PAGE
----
The President, the Preacher, and the Proposition
Gay activists are giving Rick Warren the full treatment, accusing him of homophobia and hate speech and of comparing gay marriage to incest. None of this is true, as the mainstream press will eventually get around to mentioning, perhaps as early as next week.
Warren supports full rights and privileges for civil unions—health and insurance benefits, visiting rights, etc.—and has done so for some time. He simply does not want to alter a definition of marriage that has been supported in every culture and every religion for some 5,000 years. A large majority of American feel that way. Are they all “homophobes” or do they just have a conception of marriage different from that of gay activists?
Warren points out that no practical benefit for gays is involved in the Proposition 8 ruckus—in California, all the benefits of marriage were extended to gays in 1999 under a domestic partnership law.
Does Warren really think gay unions are like incest? No. Talking to Steve Waldman of BeliefNet.com, Warren offered a list of partnerships that he doesn’t believe qualify for the term “marriage”: a committed boyfriend-girlfriend relationship, “a brother and sister being together, an older guy marrying a child and a guy having multiple wives.”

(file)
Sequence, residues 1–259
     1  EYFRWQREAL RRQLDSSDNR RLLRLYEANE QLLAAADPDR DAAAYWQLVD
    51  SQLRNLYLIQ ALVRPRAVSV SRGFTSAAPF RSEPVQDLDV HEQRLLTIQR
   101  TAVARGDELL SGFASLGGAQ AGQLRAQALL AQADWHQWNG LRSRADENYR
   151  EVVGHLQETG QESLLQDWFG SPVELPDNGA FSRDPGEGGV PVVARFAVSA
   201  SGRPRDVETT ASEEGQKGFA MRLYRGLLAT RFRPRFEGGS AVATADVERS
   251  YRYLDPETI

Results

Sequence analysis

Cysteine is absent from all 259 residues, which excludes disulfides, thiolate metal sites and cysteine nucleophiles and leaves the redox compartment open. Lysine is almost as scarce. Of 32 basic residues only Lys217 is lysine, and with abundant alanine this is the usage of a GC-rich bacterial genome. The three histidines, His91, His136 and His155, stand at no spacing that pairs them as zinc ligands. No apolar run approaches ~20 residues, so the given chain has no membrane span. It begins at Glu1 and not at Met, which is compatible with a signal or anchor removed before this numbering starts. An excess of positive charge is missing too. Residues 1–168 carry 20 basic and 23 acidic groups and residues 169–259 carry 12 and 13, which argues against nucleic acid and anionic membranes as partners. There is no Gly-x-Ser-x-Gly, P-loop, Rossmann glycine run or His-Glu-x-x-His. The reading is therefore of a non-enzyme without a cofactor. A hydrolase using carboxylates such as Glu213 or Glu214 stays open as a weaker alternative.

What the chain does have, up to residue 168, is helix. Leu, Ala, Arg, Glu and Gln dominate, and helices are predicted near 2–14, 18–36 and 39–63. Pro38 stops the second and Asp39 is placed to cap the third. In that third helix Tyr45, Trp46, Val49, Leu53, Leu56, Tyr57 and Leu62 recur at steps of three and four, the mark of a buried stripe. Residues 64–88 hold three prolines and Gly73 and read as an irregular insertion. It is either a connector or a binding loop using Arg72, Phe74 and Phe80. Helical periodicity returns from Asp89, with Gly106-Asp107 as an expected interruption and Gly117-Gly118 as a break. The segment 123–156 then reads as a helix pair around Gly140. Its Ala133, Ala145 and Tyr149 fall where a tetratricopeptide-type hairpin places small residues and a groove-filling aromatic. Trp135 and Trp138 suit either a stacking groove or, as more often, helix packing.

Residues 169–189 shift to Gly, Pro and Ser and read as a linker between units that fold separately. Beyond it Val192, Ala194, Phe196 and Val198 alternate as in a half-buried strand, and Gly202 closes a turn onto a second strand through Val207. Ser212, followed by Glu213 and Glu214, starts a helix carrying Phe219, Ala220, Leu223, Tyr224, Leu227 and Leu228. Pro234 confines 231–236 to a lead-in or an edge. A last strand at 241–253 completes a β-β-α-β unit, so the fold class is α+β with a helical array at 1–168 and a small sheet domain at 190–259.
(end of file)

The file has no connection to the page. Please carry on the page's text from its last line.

It is not a bright idea to denounce as a hater and bigot a person as widely admired around the country as Rick Warren, especially when he shows no indication of hate or bigotry and has contributed millions to the fight against AIDS. It is also not bright to denounce black people as “niggers” for voting 70 percent in favor of Prop. 8, as happened at a few rallies in California, with some of the n-words directed even at black gays sensibly trying to ward off such attacks by wearing anti-Prop 8 t-shirts.
Blacks voted heavily for Prop. 8 because they do not see it as a civil rights issue. If blacks don’t agree with gay activists on this, it’s no surprise that the rest of the country doesn’t see a civil rights issue here either. Alas, gays may be locking themselves into a strategy of denouncing and attacking the people they should be trying to win over. Rick Warren says, “Gays in California already have their rights. What they desire is approval and validation from those who disagree with them and they are willing to force it by law if necessary.”
Prop. 8 and its aftermath are the first time in the four decades since Stonewall that the gay movement has started to look like an organized tantrum—ugly threats, anti-black rhetoric, intimidation and harassment of Mormons (called ‘morons”) at their homes and temples, even a series of fake anthrax mailings. If gays want to veer away from this path, dropping the “Rick Warren is a hater” rhetoric would be a nice start.